TCS Daily


WTO = WEO?

By Alan Oxley - April 9, 2003 12:00 AM

The WTO negotiations to open up world trade have stalled. They have been blocked by France and Germany. It looks like a rerun over long standing difference in the WTO about global protection in farm trade. But a more fundamental driver may be at work. Are France and Germany leading Europe into economic isolationism?

Removing farm protection is the toughest call in the WTO. It requires the EU, Japan and US to cut subsidies to farmers, which the OECD values at about US $300 billion annually. It was the key goal when WTO Trade Ministers launched the negotiations to cut global trade barriers when they met in Doha in late 2000. But they did something odd. They set a target that was impossible to meet.

WTO Ministers stipulated that that half way through the negotiations (by 31 March 2003 to be precise), negotiators would settle targets for the size of the cuts to agricultural protection. It is not clear why they did this. Agriculture is the deal breaker in the Doha negotiations. The last thing to be agreed in any trade negotiation will be the size of the cut. It is not surprising that agreement could not be reached at the midway.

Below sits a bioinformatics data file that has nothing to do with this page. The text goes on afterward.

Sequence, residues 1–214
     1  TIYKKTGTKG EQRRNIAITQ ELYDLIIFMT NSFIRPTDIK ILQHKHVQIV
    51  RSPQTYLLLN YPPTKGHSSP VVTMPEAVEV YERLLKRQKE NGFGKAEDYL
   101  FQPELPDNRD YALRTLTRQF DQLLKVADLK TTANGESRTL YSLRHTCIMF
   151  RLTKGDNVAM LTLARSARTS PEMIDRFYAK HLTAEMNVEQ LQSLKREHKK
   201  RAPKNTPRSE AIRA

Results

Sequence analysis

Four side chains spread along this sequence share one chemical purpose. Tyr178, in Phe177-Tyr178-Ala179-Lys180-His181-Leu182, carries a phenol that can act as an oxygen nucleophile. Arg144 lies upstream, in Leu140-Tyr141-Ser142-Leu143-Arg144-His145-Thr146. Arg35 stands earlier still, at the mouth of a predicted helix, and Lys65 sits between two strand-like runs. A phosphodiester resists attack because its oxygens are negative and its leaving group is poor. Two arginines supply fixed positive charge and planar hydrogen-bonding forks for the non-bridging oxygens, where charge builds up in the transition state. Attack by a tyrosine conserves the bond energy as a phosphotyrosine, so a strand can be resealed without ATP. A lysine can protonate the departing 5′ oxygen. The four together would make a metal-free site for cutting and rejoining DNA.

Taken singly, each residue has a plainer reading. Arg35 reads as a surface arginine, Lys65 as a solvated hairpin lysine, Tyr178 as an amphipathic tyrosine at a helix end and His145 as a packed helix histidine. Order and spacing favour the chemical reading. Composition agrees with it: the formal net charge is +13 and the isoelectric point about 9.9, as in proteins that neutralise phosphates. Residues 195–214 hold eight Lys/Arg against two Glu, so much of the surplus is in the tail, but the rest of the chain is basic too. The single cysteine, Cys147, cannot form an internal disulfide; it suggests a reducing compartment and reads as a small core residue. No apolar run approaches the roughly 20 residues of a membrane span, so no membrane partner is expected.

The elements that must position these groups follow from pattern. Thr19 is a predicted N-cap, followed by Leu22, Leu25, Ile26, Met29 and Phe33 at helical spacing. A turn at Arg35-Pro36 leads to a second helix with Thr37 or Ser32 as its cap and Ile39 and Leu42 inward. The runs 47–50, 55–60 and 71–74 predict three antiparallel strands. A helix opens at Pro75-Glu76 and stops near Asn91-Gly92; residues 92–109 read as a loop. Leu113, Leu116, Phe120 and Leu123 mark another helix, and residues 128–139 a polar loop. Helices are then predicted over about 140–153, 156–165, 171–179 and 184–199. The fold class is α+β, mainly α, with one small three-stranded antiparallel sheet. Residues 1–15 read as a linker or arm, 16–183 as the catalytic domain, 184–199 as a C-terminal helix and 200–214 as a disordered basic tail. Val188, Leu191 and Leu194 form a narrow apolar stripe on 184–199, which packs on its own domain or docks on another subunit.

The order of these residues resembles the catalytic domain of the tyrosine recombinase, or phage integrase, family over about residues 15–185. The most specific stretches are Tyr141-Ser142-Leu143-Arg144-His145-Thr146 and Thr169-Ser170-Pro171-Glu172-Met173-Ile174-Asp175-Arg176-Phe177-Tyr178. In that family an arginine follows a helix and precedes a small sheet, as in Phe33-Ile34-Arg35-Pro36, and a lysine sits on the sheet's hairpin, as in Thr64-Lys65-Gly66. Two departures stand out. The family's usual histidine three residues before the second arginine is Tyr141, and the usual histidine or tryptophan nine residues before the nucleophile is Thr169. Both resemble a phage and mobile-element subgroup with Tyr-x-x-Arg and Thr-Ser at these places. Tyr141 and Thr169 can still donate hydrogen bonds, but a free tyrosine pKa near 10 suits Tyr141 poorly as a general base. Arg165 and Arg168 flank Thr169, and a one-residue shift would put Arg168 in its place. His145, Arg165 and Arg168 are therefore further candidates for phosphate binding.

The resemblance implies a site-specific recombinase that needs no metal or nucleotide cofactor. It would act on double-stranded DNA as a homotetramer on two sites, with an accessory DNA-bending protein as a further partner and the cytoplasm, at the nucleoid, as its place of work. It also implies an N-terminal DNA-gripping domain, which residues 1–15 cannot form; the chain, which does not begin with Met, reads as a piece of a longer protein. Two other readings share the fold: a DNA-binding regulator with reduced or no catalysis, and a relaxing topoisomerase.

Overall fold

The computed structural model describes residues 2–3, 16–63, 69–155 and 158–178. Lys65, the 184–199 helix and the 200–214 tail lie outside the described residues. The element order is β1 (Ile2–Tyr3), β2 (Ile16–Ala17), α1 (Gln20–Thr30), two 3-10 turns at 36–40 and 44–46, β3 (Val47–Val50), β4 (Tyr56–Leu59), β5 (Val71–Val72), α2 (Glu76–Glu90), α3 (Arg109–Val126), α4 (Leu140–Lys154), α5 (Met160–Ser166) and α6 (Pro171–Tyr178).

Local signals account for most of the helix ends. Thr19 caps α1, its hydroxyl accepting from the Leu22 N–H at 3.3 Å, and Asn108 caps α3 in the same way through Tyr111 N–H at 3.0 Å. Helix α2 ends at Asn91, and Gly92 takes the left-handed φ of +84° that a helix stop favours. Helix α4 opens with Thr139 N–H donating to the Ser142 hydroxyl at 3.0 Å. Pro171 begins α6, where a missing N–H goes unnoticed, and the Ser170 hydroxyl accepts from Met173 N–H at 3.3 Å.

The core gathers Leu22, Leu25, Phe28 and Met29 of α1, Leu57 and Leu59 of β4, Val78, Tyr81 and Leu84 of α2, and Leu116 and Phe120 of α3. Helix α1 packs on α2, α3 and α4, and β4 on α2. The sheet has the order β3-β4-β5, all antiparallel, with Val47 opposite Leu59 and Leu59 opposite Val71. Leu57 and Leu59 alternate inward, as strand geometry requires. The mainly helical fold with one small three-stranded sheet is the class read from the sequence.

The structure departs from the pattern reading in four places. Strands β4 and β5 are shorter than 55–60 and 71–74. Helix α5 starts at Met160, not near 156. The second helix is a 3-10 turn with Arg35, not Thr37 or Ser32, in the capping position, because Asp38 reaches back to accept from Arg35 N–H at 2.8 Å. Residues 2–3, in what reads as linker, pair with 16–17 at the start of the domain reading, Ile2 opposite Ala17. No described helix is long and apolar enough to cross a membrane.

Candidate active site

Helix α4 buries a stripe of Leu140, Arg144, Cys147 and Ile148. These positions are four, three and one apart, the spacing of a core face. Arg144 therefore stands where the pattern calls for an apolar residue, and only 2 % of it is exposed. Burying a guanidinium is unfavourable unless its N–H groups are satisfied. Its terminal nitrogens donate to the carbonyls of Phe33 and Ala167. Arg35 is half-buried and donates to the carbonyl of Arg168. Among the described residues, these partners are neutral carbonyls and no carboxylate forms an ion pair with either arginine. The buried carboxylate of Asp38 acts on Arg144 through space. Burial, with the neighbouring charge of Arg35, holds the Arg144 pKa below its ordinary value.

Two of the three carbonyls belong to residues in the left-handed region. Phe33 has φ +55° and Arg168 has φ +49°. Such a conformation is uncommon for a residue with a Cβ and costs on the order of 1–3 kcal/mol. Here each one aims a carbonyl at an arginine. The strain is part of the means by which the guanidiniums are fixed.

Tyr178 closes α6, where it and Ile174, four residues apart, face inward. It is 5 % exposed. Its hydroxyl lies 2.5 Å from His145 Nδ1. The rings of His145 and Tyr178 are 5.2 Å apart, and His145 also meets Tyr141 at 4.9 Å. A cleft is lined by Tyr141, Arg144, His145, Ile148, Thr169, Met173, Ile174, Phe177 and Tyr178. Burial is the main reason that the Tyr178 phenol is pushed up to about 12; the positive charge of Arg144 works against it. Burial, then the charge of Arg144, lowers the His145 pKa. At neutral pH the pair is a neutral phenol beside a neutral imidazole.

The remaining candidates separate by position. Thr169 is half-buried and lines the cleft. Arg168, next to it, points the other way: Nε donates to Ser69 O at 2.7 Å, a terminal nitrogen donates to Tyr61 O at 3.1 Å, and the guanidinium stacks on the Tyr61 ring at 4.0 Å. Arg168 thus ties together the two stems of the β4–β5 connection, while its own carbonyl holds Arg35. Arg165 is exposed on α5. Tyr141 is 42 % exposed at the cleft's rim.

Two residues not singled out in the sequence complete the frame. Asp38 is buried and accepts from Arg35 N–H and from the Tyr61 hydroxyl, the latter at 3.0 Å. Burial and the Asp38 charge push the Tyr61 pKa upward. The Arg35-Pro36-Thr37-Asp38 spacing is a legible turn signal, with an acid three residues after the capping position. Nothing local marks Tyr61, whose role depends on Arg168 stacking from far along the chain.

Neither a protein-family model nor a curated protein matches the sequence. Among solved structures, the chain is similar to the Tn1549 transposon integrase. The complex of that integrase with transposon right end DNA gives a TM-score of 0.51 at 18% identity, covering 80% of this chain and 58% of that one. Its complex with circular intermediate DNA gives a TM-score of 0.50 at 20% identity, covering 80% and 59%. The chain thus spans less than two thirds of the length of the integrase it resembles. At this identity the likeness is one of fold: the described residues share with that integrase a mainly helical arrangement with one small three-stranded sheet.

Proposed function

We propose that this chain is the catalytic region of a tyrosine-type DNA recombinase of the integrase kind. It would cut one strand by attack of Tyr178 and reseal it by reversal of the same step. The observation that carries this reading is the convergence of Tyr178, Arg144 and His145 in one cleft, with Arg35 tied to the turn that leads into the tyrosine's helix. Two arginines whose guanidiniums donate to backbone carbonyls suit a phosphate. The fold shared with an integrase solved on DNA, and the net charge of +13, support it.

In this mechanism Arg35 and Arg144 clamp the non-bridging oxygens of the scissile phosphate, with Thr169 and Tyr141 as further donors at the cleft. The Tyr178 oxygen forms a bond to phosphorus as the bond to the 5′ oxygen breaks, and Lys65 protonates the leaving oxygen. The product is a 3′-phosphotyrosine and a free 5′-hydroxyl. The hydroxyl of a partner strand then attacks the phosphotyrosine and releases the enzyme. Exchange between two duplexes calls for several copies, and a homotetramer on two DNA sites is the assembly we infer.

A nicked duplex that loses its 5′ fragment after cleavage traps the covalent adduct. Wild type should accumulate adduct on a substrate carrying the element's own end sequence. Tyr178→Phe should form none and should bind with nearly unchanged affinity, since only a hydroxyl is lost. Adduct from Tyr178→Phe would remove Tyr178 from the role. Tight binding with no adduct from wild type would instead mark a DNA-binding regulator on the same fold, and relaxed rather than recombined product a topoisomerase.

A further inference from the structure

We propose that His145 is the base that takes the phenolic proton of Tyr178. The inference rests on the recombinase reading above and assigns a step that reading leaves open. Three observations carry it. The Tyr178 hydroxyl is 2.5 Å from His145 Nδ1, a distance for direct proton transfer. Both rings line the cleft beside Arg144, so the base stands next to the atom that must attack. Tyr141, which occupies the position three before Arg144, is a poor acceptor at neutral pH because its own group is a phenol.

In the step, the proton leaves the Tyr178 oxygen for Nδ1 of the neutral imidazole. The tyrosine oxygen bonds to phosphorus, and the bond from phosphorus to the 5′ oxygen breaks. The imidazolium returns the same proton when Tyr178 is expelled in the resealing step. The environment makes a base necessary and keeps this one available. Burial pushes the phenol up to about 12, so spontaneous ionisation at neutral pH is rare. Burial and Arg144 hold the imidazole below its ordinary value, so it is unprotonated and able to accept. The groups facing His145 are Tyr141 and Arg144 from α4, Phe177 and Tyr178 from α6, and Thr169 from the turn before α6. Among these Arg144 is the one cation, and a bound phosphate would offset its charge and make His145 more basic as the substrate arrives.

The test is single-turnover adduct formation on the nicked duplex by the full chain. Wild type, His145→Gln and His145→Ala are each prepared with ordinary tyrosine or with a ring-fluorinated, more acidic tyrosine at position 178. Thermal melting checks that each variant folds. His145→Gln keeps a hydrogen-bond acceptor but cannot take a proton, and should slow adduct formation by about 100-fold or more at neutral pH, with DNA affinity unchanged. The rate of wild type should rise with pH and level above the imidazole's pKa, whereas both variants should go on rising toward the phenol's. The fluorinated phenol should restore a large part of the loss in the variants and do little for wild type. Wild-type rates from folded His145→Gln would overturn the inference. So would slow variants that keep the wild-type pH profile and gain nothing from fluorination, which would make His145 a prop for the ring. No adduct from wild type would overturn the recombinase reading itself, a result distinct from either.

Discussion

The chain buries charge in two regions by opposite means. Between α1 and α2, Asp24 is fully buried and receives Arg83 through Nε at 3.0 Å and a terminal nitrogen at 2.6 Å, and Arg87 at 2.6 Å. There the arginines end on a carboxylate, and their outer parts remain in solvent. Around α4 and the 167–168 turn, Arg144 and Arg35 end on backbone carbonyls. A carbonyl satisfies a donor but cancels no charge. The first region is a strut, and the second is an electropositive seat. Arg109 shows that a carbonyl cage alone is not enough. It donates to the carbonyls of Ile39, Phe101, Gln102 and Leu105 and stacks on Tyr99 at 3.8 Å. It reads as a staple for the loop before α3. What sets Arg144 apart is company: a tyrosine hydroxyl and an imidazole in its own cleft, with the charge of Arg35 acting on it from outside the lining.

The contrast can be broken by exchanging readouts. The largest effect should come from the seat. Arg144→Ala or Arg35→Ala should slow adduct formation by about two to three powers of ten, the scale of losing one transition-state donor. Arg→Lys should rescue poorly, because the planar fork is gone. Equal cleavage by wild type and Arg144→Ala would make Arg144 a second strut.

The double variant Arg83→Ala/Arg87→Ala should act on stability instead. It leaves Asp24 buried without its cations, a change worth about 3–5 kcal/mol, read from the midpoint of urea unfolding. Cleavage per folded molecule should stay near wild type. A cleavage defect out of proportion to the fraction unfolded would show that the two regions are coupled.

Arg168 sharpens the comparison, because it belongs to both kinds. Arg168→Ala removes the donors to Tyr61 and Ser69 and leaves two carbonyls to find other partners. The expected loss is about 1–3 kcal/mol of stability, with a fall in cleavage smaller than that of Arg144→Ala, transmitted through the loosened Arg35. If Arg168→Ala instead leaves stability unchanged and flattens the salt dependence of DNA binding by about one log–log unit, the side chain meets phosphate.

Why did Pascal Lamy, the EU Trade Commissioner go along with this at Doha? Maybe he thought it would put pressure on EU Members to agree to reform. At the time Brussels' euorocrats were negotiating the terms of accession to the EU of Poland and the other nine new members, agriculture was a stumbling block. Brussels could not pay the new members subsidies at the same level as existing members unless subsidies to existing members for the EU were substantially cut back.

If that was the plot, Jacques Chirac and Gerhard Schroeder scotched it. When the expansion of the EU was ready to be finalised, they made a deal. They would go along provided EU farm subsidies remained basically unchanged until 2013. They kissed goodbye to the Doha Round. It was supposed to finish in 2005 and reform of agriculture is pivotal; no deal on it, no deal at large.